Clerestory, Casement, Fixed, Slider, Single- or Double-hung. Historic homes have amazing windows. Yet, they also come with their share of challenges. As we become more and more aware of the importance of energy efficiency, our old windows can sometimes make us feel guilty about loving these less than LEED openings in our homes. Our readers’ interest in windows and energy efficiency was made clear when in the July issue of the Preservation Press, our cautionary tale on windows became our second most read piece ever!
Well! The Nevada Preservation Foundation is hoping to ease your feelings of guilt a little bit this month. We will be hosting what will be the first in a series of energy efficiency programs: Working with Historic Windows, A Resource Fair. This fair is sponsored by NV Energy and will bring folks together with vendors who work to make windows more energy efficient. This event is FREE to NPF members and only $10 for individuals and $15 for pairs. Please register to attend on the Event page.
We all also know that there is a balance to strike between energy efficiency and historic integrity. To this end, our resource fair will only feature products that meet the Secretary of the Interior’s Standards for Historic Preservation. (This does mean no vinyl or fiberglass windows.) But don’t think that means you won’t come away having learned how to save some dollars! We promise you will! Last month we had a piece that delved into window parts and vocabulary. This article is going to talk about the relative benefits of the different energy efficiency treatments that also help you maintain your home’s historic integrity. We have arranged for vendors who specialize in the areas below to be there to answer your questions:
- Weather stripping
- Interior surface film
- Interior window inserts
- Insulating cellular shades
- Replacement windows
As you can imagine, these options represent a wide range of costs to the homeowner as well as an equally wide scope of savings. Too often, homeowners assume that the only way to make their windows energy efficient is to replace them. It is true that there are cases where windows do need to be replaced, but there are also many instances where other less expensive approaches will work just as well. I came across an excellent little piece on window efficiency on the National Trust for Historic Preservation’s website that is entitled “Saving Windows, Saving Money.” In it they look at effect of the strategies listed above in various cities, from Portland to Chicago to Phoenix. Since Phoenix is the best match for our climate, I will focus on this information. As you can see in the graph below, replacement windows do give the highest annual percent of energy savings:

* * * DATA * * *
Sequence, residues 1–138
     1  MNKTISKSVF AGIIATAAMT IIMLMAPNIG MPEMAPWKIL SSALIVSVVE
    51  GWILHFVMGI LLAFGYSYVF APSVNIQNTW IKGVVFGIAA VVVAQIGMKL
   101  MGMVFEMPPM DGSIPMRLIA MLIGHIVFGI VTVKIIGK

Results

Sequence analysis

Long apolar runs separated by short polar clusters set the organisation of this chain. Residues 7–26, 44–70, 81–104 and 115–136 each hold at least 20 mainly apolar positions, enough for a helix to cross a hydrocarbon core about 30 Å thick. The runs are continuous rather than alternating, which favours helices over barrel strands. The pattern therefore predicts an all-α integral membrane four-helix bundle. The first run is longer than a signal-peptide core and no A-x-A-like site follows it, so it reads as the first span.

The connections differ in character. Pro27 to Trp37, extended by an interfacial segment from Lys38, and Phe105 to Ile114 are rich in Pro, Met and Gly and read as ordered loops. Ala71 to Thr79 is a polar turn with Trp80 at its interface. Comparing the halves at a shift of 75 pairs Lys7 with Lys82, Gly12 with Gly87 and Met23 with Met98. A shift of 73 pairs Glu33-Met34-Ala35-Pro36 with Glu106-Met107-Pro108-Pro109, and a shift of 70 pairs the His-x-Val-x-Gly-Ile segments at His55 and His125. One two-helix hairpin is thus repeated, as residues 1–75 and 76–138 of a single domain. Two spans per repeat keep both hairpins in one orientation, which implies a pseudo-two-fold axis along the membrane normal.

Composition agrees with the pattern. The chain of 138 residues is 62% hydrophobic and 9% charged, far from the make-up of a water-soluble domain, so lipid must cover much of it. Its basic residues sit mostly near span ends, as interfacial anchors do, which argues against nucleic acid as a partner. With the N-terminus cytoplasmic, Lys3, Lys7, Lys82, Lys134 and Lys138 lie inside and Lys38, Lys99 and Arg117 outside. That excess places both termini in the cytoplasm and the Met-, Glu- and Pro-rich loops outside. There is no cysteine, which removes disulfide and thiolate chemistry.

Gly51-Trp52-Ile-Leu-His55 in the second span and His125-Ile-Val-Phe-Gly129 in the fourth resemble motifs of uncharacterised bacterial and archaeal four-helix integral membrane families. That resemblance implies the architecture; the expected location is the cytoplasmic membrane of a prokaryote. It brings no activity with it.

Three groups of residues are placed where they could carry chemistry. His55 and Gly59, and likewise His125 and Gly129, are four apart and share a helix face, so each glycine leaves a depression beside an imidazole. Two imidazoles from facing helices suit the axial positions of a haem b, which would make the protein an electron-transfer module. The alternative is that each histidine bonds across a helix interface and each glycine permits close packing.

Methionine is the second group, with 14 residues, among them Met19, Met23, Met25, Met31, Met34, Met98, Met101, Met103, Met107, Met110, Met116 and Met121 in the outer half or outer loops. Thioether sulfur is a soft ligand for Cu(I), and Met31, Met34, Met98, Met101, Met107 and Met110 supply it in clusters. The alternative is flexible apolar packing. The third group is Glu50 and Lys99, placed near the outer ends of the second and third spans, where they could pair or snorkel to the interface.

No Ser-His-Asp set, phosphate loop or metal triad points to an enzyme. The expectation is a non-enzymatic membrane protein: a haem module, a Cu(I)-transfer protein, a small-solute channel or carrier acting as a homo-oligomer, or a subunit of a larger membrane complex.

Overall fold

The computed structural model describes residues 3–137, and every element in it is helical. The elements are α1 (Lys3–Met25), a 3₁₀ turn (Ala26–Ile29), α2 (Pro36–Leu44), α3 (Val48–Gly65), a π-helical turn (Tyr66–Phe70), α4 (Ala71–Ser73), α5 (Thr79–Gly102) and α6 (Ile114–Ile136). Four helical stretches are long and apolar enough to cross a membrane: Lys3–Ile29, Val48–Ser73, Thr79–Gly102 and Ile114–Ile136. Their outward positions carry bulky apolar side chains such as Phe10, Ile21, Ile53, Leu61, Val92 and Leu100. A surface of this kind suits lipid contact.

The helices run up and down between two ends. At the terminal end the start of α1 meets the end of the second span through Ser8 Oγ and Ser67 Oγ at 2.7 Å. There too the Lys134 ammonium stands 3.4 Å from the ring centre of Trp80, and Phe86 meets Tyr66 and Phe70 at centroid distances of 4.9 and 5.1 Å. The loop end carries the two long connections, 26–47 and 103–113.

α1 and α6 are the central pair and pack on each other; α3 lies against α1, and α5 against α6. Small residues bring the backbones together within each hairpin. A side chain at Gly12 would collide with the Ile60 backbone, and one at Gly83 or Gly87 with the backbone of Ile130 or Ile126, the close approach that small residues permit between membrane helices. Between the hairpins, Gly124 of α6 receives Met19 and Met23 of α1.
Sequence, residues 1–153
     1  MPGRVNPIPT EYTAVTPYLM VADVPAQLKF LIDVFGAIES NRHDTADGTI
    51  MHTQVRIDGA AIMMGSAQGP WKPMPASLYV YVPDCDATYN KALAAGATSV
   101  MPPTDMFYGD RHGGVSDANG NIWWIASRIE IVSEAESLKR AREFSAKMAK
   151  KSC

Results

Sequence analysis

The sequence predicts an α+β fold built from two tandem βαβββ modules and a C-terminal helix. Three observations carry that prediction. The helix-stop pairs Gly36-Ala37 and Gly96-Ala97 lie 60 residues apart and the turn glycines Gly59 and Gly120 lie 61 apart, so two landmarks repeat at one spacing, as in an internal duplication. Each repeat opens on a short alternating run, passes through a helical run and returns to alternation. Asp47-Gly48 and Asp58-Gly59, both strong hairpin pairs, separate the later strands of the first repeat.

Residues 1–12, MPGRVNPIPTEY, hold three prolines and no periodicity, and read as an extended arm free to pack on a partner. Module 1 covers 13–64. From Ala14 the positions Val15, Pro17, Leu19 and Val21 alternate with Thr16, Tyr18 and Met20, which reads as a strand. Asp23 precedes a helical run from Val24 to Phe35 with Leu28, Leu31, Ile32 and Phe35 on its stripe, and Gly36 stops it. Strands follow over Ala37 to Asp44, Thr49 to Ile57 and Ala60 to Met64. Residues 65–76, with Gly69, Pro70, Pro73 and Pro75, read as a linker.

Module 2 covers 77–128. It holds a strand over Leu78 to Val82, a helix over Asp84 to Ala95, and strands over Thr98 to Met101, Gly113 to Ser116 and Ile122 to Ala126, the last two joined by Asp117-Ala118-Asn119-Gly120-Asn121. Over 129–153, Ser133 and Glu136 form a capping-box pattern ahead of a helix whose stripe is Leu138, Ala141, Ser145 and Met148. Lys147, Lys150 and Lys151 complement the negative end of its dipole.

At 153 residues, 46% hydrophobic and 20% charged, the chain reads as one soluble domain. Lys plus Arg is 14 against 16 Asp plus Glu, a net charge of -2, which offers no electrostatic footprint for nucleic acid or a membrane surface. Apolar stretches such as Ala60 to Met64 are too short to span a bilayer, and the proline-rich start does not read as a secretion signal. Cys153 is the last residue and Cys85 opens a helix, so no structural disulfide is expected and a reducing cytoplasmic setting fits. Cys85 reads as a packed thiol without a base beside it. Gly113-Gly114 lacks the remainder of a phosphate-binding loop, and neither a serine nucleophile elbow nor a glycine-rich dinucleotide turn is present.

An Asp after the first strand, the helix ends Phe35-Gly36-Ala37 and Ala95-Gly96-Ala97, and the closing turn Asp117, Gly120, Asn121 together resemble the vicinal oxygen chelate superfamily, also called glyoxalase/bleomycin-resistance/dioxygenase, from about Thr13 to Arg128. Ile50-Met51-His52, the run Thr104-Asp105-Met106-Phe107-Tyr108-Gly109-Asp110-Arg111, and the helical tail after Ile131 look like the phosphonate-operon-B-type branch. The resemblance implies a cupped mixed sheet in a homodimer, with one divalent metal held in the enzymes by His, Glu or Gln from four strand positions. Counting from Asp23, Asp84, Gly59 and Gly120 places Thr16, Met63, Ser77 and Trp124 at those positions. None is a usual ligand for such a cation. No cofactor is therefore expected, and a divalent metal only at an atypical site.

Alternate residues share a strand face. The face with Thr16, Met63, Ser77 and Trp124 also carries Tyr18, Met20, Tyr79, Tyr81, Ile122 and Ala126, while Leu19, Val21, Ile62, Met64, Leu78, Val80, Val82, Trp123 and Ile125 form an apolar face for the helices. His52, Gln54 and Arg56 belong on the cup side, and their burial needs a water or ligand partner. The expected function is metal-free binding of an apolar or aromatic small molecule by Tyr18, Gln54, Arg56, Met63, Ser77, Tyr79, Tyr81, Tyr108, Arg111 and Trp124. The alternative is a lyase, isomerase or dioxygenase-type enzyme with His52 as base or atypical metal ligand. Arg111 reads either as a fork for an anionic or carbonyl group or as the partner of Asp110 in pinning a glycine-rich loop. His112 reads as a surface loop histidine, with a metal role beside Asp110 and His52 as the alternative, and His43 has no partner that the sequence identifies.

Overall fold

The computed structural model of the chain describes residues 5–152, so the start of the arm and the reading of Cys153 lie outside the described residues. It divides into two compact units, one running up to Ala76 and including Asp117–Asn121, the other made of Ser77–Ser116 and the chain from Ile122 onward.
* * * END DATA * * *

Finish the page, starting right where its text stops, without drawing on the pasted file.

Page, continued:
The energy saving brought through replacement windows is closely followed by exterior storm windows. Surprisingly, though, our staff was unable to locate a single vendor of exterior storm windows not only in the valley, but also the Southwest region. This is clearly a need in the Las Vegas Valley that is not currently being met. While replacement windows do bring about the greatest energy efficiency gains, they are also among the most expensive window upgrade options. In the table below, you can see the relative cost of each of these options. When you look at the table, it is important to keep in mind that even though replacement windows do not bring the best return on investment, there are situations (e.g. windows are no longer functional, wood is rotted) that call for window replacement.
What we can take away from this table is the surface film gives you the best energy savings dollar for dollar. However, surface film may not be the best solution for every situation. It might be that a simple caulking or the installation of cellular shades will meet both your budgetary and energy efficiency goals. This is why Nevada Preservation Foundation is putting on this resource fair. It will give you the chance to talk with various vendors about your specific needs and issues. In addition, we will be doing a window caulking demonstration. Making sure that your windows are well caulked is probably one of the first upgrades you should make to your windows. Windows often can make the difference between an average home and an amazing home. But windows also come with challenges. As we look for ways to make our homes more energy efficient, we hope that learning more about the wide array of options you have for your windows will not only save you money but make our planet a little greener. We look forward to seeing you at Working with Historic Windows, A Resource Fair on February 21. And we thank NV Energy for their sponsorship of this first of many energy efficiency fairs.